China invests in the U.S. public debts, holding long-term treasury, agency, corporate, equity and short-term debts. This makes China the biggest holder of U.S. securities, summing up a total of $ 1,6 trillion (Morrison and Labonte, 2011, p. i). These impressive shares that China owns in the U.S. debts create not only an advantage for China, as it has become a real economic threat to U.S., because it can sell its debts at any time, for whatever value it considers. The two economies are tight together. If one falls, the other one follows, as Morrison and Labonte observe. This relation is possible because China’s currency is pegged against the U.S. dollar (2011, p. i).
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First, if the dollar destabilizes than the yuan also decreases in value. Next, China is dependent of United States in its economic trades, mostly in what concerns the exports. Hence, the decline of the American dollar and of the American economy would hit the Chinese export, which represents, as seen, a significant aspect of the Chinese economy (Harvey and Bansal, 1995, p.32).
Selling its dollars would mean that Chinese products that are exported to U.S.A (from the automotive industry, mobile, consuming goods, etc.) will be sold at a higher price and this would seriously affect its overall economy. The only solution for China to sell its dollars without damaging its own economy would be to find a new marketplace, as profitable and as stable as U.S. However, giving the actual economic context, its imbalances and instability, China cannot jeopardize by taking such an action. Nevertheless, other potential marketplaces, such as the European or the Japanese ones are not sufficient or liquid enough to absorb China’s investments (Barboza, “China’s Treasury Holdings”, 2011).
Therefore, while the mutual funds in China orient towards security investments, in this case U.S. government debts, this creates an advantage for the Chinese economy, giving it the authority to coordinate the economic games with United States. Yes, China is dependent by the U.S. market, as a solid and stable marketplace and as a real economic international partner. However, holding such an impressive U.S. capital (under the form of the debts, mostly), China can take advantage by its position to decide the stability of its nominal exchange rate, while the real exchange rate can develop under its own inflationist trend.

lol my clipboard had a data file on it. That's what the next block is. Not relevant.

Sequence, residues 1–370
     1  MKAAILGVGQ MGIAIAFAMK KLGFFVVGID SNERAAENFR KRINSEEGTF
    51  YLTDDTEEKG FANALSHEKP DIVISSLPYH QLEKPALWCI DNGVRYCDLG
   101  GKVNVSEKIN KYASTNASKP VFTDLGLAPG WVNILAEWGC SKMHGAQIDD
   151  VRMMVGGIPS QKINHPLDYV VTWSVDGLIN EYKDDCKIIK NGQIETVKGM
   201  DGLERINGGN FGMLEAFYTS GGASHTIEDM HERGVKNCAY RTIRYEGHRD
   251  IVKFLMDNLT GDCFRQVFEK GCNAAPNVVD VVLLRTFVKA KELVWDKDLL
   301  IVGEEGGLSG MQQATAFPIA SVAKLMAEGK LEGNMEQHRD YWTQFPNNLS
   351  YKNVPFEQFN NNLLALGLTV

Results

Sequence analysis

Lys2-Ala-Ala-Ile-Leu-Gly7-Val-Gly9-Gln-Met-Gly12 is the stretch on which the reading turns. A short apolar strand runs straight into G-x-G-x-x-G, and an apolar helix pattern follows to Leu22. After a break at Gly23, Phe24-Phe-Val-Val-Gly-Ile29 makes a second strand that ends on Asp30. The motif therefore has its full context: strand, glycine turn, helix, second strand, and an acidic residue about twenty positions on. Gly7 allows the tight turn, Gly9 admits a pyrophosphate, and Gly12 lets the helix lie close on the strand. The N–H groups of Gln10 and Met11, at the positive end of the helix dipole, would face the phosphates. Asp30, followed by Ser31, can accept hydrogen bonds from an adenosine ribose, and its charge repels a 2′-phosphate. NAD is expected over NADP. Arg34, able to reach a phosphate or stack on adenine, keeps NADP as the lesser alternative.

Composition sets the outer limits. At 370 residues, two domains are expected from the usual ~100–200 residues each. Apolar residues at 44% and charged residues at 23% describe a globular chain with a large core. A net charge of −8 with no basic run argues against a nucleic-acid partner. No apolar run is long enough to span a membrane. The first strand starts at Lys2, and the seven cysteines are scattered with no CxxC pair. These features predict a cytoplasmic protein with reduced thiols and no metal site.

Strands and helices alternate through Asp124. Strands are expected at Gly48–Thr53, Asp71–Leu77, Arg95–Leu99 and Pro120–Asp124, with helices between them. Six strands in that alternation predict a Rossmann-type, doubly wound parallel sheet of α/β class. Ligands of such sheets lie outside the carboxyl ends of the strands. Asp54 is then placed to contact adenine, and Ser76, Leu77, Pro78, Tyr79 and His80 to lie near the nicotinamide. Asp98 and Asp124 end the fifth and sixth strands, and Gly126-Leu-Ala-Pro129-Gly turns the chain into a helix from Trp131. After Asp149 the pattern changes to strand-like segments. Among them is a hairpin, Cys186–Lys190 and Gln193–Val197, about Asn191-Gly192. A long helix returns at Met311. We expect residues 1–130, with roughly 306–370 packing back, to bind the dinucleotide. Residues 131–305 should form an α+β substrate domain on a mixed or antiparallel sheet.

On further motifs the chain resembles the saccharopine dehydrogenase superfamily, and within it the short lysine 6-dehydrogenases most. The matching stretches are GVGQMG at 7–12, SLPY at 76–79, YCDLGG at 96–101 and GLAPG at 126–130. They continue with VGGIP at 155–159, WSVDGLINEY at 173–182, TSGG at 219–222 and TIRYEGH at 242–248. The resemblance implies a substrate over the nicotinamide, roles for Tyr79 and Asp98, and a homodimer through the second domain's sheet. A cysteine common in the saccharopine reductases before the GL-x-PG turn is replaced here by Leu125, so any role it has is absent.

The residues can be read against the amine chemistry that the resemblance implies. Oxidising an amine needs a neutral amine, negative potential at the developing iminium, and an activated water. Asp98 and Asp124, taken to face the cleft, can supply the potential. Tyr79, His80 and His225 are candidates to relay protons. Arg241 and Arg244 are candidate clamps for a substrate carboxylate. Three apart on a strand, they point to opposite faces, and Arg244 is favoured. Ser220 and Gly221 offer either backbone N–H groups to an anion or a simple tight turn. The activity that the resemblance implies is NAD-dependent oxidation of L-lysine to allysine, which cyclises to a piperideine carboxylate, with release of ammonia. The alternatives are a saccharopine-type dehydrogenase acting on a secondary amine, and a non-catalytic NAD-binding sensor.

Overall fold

Financial analysts consider this economic situation a cold war between China and U.S.A. wherein both sides fear the risks of a mutual destruction (Barboza, “China’s Treasury Holdings”, 2011). While U.S. dollar would collapse if China would start to sell its debts (because this would naturally determine other countries to sell their U.S. debts), China’s economy would be damaged because it would not benefit from the same economic conditions that it now has with the United States.
The Modern Portfolio Theory and the Post Modern Portfolio Theory provides besides methods of assets allocation also performance assessment methods for the financial assets (Rom, Brian & Ferguson, 1994, pp. 11-17). Over the recent years a series of measures were developed based on these methods, but also some that are empirical, derived from the practical experience of financial market analysts. The current conditions of the capital market from developed countries, have imposed a systematic approach to performance evaluation methods because of pressure created by the existence of a down market ("bear market"), and due to the frequently made criticisms of the Modern Portfolio Theory that until recently was considered the basis for performance measurement methods in the capital markets, and that nowadays become a generator of conventional and unclear systems considering the new market conditions, and the emergence of new financial products (Mercer, 2003, p.9).